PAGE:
Tasmanicosa leuckartii ( Thorell, 1870 )
treatment provided by
|Tasmanicosa leuckartii ( Thorell, 1870 )|
Tasmanicosa leuckartii ( Thorell, 1870) comb. nov.
Leuckart’s Wolf Spider, Hay Spider
Lycosa leuckartii (Thorell) .— Koch 1877: 896 –899, pl. 77, figs 3, 3A; pl. 81, figs 1, 1A; Rainbow 1911: 269; Bonnet 1957: 2649; Main 1964: 120, figs E–F; McKay 1975: 320 –325, figs 1 A–E, 2 A–I, 3 E–F; McKay 1985: 79.
Lycosa molyneuxi Hogg 1905: 575 –577, figs 82, 82 A–B; Rainbow 1911: 270; Bonnet 1957: 2653; McKay 1973: 379; McKay 1975: 326 –328; McKay 1985: 80; Hirst 1988: 77; Platnick 1993: 488. New synonymy.
Lycosa leuckarti (Thorell) .— Simon 1909: 182; Platnick 1993: 488.
Lycosa christopheri Simon 1909: 182 ; Rainbow 1911: 266; Bonnet 1957: 2638 (synonymy established in McKay, 1975).
Allocosa molyneuxi (Hogg) .— Roewer 1955: 206.
Schizocosa christopheri (Simon) .— McKay 1973: 381.
Schizocosa leuckartii (Thorell) .— McKay 1973: 381.
Type data. Lectotype (designated here) of Tarentula leuckartii . Female, locality label fainted, possibly Echuka, =? Echuca, 36°08’S, 144°45’E (Victoria, AUSTRALIA), ‘ Leuckart ded.’, Collectio T. Thorell ( SMNH) (examined). GoogleMaps
Paralectotype of Tarentula leuckartii . Penultimate female, data as lectotype (examined).
Lectotype (designated here) of Lycosa christopheri . Female, Fremantle [32°03’S, 115°44’E, Western Australia, AUSTRALIA], W. Wölting leg. 1907, H. Christopher ded. 1.vii.1907 ( ZMH, Rack (1961) -catalogue 448) (examined). GoogleMaps
Paralectotype of Lycosa christopheri . Juvenile, same data as lectotype (ZMH, Rack (1961) -catalogue 448) (examined).
Other material examined. 1,768 males, 764 females (29 females with eggsac, 41 females with spiderlings) and 619 juveniles in 957 records (Appendix B).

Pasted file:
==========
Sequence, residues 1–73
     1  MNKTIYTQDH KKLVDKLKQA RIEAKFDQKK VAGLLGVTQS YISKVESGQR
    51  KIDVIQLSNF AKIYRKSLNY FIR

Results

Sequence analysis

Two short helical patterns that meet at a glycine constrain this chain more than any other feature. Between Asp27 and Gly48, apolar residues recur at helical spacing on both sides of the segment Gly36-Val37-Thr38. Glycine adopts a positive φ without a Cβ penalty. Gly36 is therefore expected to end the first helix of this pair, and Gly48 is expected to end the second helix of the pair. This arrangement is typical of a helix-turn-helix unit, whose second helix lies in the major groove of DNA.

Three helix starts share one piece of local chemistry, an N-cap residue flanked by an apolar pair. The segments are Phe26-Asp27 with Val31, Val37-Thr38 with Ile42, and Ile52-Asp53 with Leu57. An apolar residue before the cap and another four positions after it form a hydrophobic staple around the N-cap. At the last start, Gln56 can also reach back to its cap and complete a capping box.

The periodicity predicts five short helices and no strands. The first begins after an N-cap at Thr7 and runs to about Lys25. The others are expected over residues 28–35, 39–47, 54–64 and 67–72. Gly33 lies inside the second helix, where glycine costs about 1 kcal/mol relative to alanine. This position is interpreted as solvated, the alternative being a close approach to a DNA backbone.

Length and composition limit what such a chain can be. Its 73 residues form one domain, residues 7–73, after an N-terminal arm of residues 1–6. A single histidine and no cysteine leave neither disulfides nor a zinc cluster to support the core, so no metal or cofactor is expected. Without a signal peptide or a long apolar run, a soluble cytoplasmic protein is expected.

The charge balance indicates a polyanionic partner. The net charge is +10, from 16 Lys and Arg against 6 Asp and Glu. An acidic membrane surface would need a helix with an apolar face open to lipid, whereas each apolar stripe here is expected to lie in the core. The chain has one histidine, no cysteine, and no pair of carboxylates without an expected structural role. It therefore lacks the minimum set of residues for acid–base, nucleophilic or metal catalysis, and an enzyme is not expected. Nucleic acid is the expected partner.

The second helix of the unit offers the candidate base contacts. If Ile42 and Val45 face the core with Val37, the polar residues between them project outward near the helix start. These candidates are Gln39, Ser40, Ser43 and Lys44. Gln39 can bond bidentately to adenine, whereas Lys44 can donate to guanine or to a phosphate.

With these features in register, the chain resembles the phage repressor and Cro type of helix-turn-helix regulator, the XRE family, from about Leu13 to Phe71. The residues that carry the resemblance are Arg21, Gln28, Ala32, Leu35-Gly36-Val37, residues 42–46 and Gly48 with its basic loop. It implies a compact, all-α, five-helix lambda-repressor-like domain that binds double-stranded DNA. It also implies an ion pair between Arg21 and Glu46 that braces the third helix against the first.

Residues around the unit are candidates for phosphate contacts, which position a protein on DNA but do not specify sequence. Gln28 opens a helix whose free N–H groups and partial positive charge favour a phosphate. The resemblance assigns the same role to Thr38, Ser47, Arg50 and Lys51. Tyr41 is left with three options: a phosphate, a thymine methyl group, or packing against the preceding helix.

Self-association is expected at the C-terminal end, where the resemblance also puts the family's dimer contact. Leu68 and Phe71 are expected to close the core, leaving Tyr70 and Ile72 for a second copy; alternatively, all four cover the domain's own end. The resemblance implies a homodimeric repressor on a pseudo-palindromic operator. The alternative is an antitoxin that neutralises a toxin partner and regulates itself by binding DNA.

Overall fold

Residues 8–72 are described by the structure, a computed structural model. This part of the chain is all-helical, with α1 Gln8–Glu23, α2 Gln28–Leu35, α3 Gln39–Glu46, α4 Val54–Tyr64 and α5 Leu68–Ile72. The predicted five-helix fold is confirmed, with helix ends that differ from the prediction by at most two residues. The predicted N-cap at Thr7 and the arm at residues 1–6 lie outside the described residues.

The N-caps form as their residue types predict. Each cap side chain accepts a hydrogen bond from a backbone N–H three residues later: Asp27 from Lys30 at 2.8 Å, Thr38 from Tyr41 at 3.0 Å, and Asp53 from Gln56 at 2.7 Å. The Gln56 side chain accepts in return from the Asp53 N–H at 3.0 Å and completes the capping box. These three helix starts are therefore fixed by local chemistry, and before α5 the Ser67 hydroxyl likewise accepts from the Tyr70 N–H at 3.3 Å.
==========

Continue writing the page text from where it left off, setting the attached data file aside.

Diagnosis. Tasmanicosa leuckartii is the only species in the genus which has a light patch of variable size in the centre of the venter ( Figs 17C–D View FIGURE 17 ). Genital morphology is similar to T. gilberta and T. fulgor . Males are most similar to T. gilberta , but can be distinguished by the shape of the terminal apophysis, which is broad and apically bent in T. gilberta ( Fig. 7H View FIGURE 7 ), but twisted in T. leuckartii ( Fig. 7G View FIGURE 7 ) (that of T. fulgor is broadly sickle-shaped without apical modifications ( Fig. 9J View FIGURE 9 )). Females are most similar to T. fulgor ( Fig. 4H View FIGURE 4 ), but the epigyne is much shallower and overall narrower in T. leuckartii ( Fig. 17G View FIGURE 17 ) (that of T. gilberta has a much narrower median septum ( Fig. 4G View FIGURE 4 )). Care should be taken and genitalia examined in detail for each specimens when large series of pitfall trap material of T. leuckartii are identified, as the species can be found sympatrically with T. godeffroyi , T. gilberta and T. fulgor , all of which have been found as singletons within large numbers of T. leuckartii in traps.
Description. Male (based on NMV K11541 View Materials ).
Total length 17.6.
Prosoma. Length 10.0, width 7.7; reddish-brown with genus-specific Union-Jack pattern and narrow median and lateral bands ( Fig. 17A View FIGURE 17 ); sternum very dark brown to black ( Fig. 17C View FIGURE 17 ).
Eyes. Diameter of AME 0.33, ALE 0.21, PME 0.81, PLE 0.73.
Chelicerae. Black, with an elongated patch of golden setae frontally.
Labium. Black with lighter anterior rim ( Fig. 17C View FIGURE 17 ).
Endites. Glabrous dark brown, anteriorly somewhat lighter ( Fig. 17C View FIGURE 17 ).
Legs. Greyish-brown, covered with silvery setae; venter of coxae dark brown ( Fig. 17C View FIGURE 17 ).